I have put this to task recently and have amassed a reassuring stockpile. Taking my cup of tea to sunny garden space (yes I am like my cats) is a wonderful mid-afternoon treat. Retiring to a blanketed sofa on a chilly Sunday night to be immersed in an 18th century Cornish copper mine saga, watching the protagonist Ross Poldark do his best to be noble, is a wonderful place to be. Pulling a baked dozen from the oven or settling the lid on a rumbling stew, provides an inner satisfaction that can not be manufactured.

Building a fabric of inter-looped yarn by rhythmic needle clicks, a pastime that calms the mind and rewards the creator –

 and then pulling such fabric on when the day’s work is over, only amplifies this simple pleasure.

Running alongside a sun-glistened bayside horizon, passing warmly jacketed dogs and masters while inhaling chestfuls of ion-laced breeze – magic.

And drawing the blinds on a task-loaded day to return once again to sun dried sheets and fluffed pillows.

Locate that irresistible journal or notebook that you knew you someday would need and gather your comforts. Pen them for referral, as times of change will always present.

 home bootsPostscript: If you would like to add these hand-knitted home boots to your comfort armory, here is a similar pattern to those I have made (which was purchased from Lincraft so cannot be reproduced here)

family · health and wellbeing

Walking

Bushwalking
Regardless of individual identity there is a singular attribute uniting us – we each tread a path. Of course our trails are as unique as our digital pattern but the questions and disclosures scattered ahead of our steps are essentially ones common to us all. Recently, as boots met earth, cracking summer-splintered twigs cast amongst early autumn leaf litter, a bushwalk revealed to me the intriguing parallels of forest rambles and life passages.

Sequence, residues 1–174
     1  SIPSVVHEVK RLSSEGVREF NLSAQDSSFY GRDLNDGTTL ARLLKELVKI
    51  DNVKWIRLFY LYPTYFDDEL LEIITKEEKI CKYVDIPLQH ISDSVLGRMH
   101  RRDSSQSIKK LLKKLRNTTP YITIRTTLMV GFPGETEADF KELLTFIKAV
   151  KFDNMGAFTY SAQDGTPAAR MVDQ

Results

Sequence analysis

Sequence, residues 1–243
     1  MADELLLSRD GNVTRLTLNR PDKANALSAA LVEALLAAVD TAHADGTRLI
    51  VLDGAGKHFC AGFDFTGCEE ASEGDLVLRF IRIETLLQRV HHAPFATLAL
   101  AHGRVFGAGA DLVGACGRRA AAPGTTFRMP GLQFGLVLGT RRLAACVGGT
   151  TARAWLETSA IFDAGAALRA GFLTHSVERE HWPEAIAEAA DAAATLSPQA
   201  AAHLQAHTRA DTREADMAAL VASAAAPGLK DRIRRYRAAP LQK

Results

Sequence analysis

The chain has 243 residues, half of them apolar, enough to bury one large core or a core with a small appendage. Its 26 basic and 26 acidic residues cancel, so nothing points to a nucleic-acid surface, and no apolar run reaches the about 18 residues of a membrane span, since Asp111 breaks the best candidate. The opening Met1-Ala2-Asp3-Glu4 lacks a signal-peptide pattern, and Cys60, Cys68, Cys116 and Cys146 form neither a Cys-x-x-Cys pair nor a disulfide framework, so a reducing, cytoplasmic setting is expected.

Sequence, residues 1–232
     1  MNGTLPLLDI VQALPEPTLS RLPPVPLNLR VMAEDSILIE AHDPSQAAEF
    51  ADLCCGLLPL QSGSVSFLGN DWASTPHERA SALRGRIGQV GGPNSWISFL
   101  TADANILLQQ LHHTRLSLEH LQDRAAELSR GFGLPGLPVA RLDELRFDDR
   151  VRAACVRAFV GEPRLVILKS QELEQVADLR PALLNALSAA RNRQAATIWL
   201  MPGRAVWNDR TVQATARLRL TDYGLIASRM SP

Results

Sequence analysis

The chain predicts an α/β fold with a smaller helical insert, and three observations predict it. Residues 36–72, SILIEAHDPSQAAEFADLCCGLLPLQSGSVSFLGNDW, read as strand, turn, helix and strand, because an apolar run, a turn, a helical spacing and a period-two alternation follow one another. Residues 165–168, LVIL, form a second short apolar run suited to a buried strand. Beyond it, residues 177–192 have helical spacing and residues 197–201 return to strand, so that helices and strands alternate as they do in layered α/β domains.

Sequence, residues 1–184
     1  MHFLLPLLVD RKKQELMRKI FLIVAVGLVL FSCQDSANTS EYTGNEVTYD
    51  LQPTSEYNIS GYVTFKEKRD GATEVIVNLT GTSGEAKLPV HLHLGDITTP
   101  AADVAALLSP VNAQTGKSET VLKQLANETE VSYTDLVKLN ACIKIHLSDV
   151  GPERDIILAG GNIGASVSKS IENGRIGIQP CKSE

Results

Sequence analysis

Life, principally the progressive unfolding of a series of challenges to be captured, secured and marked. Exciting stuff indeed. As a challenge presents, the perception is of its uniqueness to us, but in reality it is never a new circumstance as many will have conquered such a quest previously. We are not the first to experience fear, uncertainty and doubt as many have already weathered these emotions travelling this path before us – now they have simply moved off into the distance to negotiate their next rock face. By taking heed of this the psyche steadies, developing a confidence to proceed – we can do this too.

taking a chance

Keep also in mind, that challenges are not by necessity activities that must be achieved in isolation. Those trail blazers have wisdom, so draw upon them. Have them talk you through the steps and sequences they took so you too can coach those who will ultimately follow your path.

creek crossing

Occasionally you will forge ahead on your own.

climbing

The branches and undergrowth will seem unrelenting at times but clutch them securely and propel yourself forward as these impeding bush elements are actually markers of your progress in disguise.

And there will be occasion where the undertaking appears overwhelming. The perceived looming danger outweighing the possibility of newer and fresher tracks. On closer inspection however, this seemingly insurmountable life obstacle is actually the bridge linking two separate banks – banks welcoming you to lives that would be inaccessible otherwise. Traverse this bridge with patience and consideration, the length though vast is inevitably finite.

Tree trunk

In that glorious interval where one challenge closes, the next yet to appear, bask in the peace. Soak up the beauty and the quiet. This is your time to reflect on your achievement and realise your place.

quiet contemplation

As a point of final consideration, achievement, progress and completion are discrete experiences defining beginnings and endings. Beware they should not crowd the senses thus obstructing the delightful simplicity of the walk.

forging ahead
Postscript: And what could be more heartening than being the observer of one making such energetic tracks toward a bright future?